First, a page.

Feminine Power: On the path to restore balance in the world

Feminine Power: On the path to restore balance in the world

In celebration of India’s 75th Year of Independence and to commemorate the 50th anniversary of the Brahma Kumaris in the UK, the Nehru Centre London hosted the Head of Brahma Kumaris World Spiritual University, Sister Jayanti, and BBC’s flagship programme ‘Countryfile’ presenter, Anita Rani, to delve into ‘Feminine Power: Powerful Change’.

For centuries feminine wisdom has been denied, marginalised and oppressed. This imbalance between the masculine and feminine is now being seen in the imbalances we are witnessing around us.

“Justice and more specifically justice for women is the foundation to restore balance in the world,” says Sister Jayanti.


Feminine Power: On the path to restore balance in the world
‘The Second Chance in Life’ to inspire others to overcome hardships

No option but to succeed

Author of the book ‘The Right Sort of Girl’, Anita Rani opens up about her writing experience: “When I set out to write my memoir in the lockdown, I wasn’t expecting to say as much as I did. However, it came out to me almost like meditation.”

Built on a premise of it being a self-note to her 16-year-old self, Anita has expressed growing up as a Punjabi girl in Northern England, Bradford. “My family history was important to give some context to what it meant to be a young woman growing up in a world where women and girls were not used to talk about the things that we see around us. I just wanted to lift the lid and write how this impacted me.”

Sincerely touching upon topics of social concern like puberty, alcoholism, suicide and even domestic violence, Rani explains that belonging to a working-class migrant community, we have every trauma and yet we don’t spill the beans. Young Anita was fortunate to have a voice and a choice.

She adds: “South Asian women in Britain are the most successful group because we know that no one else is going to do it for us. We have no option but to succeed. There is no room for failure.”

Spiritual angle

Stories from women before their path to spiritual awakening, Sister Jayanti narrates, “Dadi was not allowed to speak in front of men.”

“Married off at the age of 12 and given limited education so that she could write letters to her husband, do the household budget and write laundry lists.”

Born out of the vision of having women take on the role of teachers and leaders, the Brahma Kumaris have welcomed all – from former President of India Pratibha Patil to the newly-elected President Droupadi Murmu, spirituality and leadership has been at the heart of the government.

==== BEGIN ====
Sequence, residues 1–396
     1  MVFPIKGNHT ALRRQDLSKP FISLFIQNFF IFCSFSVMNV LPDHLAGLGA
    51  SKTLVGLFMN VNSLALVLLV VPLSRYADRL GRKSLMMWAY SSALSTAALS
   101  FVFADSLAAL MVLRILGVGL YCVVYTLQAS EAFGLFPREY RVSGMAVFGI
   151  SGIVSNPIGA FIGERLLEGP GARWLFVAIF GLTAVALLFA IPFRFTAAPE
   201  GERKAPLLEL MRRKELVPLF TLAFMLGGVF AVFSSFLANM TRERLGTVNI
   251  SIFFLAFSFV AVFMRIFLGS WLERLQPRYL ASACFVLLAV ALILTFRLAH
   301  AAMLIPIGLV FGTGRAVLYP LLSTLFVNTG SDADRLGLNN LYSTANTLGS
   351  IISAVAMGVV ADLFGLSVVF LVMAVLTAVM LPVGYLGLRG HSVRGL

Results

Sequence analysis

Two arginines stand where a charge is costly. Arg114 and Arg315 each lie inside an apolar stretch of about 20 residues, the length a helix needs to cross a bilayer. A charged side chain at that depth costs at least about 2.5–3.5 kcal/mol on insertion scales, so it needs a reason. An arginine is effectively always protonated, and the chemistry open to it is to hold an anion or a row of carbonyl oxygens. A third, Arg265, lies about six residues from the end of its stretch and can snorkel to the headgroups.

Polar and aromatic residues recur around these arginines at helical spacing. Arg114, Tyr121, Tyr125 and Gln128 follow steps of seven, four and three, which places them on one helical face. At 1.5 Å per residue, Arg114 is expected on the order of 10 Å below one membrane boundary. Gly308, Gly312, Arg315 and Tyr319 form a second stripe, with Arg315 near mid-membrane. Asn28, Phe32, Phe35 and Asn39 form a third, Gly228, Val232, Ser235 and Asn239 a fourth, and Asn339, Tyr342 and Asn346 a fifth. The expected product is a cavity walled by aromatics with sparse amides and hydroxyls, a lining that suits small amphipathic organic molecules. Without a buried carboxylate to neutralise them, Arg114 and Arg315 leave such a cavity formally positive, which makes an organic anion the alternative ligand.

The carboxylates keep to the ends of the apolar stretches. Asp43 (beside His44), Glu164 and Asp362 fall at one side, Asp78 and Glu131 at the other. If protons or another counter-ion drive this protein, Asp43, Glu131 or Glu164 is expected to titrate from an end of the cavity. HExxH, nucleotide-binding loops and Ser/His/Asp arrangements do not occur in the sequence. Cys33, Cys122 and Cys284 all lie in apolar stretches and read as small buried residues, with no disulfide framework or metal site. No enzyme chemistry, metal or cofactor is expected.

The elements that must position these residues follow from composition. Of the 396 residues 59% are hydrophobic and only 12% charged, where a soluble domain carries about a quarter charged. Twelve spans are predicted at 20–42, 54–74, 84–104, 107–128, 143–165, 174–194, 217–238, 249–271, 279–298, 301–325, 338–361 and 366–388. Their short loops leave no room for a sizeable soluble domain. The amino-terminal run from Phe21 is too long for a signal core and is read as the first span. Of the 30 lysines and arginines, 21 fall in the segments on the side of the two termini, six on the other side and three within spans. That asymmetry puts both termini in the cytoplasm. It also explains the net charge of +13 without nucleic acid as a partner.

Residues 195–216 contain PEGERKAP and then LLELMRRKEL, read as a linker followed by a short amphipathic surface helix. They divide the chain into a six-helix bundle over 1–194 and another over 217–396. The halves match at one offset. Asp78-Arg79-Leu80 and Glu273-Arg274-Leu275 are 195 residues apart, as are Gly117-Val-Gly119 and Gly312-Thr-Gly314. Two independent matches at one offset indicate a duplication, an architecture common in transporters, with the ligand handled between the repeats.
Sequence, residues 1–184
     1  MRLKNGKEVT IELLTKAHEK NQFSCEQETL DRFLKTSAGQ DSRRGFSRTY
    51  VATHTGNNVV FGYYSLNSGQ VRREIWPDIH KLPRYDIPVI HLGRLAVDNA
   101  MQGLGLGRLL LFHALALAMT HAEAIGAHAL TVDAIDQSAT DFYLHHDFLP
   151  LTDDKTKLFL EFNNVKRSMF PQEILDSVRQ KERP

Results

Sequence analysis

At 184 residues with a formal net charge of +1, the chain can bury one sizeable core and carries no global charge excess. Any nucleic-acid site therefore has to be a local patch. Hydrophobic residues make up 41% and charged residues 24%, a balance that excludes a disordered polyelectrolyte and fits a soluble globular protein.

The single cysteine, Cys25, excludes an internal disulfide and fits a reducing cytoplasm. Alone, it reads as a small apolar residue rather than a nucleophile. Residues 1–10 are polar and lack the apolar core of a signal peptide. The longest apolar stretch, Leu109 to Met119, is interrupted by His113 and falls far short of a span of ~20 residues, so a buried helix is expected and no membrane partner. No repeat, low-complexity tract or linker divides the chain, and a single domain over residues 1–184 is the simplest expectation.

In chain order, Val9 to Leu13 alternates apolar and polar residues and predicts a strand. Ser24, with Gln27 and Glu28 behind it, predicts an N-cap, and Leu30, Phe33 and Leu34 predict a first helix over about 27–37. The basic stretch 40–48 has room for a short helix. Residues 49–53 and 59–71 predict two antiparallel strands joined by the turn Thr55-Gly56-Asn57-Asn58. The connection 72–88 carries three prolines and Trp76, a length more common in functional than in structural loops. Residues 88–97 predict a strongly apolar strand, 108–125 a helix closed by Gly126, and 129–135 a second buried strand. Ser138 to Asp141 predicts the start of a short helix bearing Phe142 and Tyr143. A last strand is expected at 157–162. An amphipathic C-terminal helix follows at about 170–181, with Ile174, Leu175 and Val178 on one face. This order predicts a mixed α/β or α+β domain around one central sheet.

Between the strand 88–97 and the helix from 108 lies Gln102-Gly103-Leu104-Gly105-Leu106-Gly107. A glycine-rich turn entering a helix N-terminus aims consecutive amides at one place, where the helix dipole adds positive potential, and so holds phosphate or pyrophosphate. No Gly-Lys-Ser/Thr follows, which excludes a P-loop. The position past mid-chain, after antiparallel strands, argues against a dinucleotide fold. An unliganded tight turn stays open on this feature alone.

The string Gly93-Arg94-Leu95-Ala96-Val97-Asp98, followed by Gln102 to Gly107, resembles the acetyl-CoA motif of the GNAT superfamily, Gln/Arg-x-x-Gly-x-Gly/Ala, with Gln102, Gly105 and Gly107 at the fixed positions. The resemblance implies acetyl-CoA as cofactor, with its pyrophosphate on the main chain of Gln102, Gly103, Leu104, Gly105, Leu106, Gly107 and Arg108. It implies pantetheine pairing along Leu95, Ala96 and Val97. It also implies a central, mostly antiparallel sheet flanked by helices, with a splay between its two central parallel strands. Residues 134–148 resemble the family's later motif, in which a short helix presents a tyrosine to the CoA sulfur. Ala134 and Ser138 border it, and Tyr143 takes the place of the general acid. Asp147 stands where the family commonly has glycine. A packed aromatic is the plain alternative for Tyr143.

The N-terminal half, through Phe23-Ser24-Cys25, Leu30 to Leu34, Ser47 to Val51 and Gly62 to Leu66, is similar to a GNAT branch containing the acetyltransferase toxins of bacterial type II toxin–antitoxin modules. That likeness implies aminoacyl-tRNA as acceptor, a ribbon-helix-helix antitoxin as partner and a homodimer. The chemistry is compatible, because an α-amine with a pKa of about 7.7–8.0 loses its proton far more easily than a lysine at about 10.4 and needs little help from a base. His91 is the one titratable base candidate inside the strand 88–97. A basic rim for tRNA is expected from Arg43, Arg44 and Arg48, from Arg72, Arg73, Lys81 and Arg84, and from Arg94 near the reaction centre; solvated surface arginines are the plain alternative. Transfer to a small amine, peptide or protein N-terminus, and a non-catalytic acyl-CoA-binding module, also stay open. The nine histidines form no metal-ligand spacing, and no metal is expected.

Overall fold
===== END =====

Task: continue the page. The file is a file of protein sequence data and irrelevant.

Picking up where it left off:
For equality to emerge, Sister Jayanti states that education and spiritual education are both important: “With spirituality you are able to go beyond the confines of what society says a girl should do.”

“The soul doesn’t carry a label of male and female.

“When I started to meditate, the first experience was of God’s love. It was a powerful and transformative.”


Feminine Power: On the path to restore balance in the world
Exploring the enduring legacy of Swami Vivekananda

History repeats itself

In conversation with the two leaders in their respective fields, Director of the Nehru Centre Amish Tripathi digs deeper into ancient Indian customs. He explains, “women’s equality has been a part of our traditions. Hymns in the Rigveda are not only written by rishis (sages) but by rishikas (female sages) as well.”

“Rani Prabhavatigupta, Rani Rudrama Devi and the Bhopal Begums were among those queens who used to rule in their own name and lead their armies to battle. The chola empire had a women’s regiment.”

“Lilavati, a mathematics book written by Indian mathematician Bhaskaracharya for his daughter of the same name was the most utilised book in schools all over India before the British Raj.”

He adds that ancient texts were quite liberal in terms of gender – women and LGBTQ.


Feminine Power: On the path to restore balance in the world
How sounds form a big part of author Amit Chaudhuri’s imagined world

Passion with purpose

With a heavy heart Anita points out, “there are lots of ceremonies around celebrating girl child however it didn’t translate to how women are treated at home.”

Global feminism is changing the world. In the corporate world, women had to take on masculine traits in order to succeed in masculine environment. “Now, we can bring more feminine energy.”

“Connecting with human beings not as male, female, Indian, British, white or brown is the step of evolution,” enlightens Jayanti.

With a passion and purpose to open doors to little girls and boys, Anita highlights that education is what will give them the power.

Related Stories

No stories found.


No stories found.


No stories found.
iGlobal News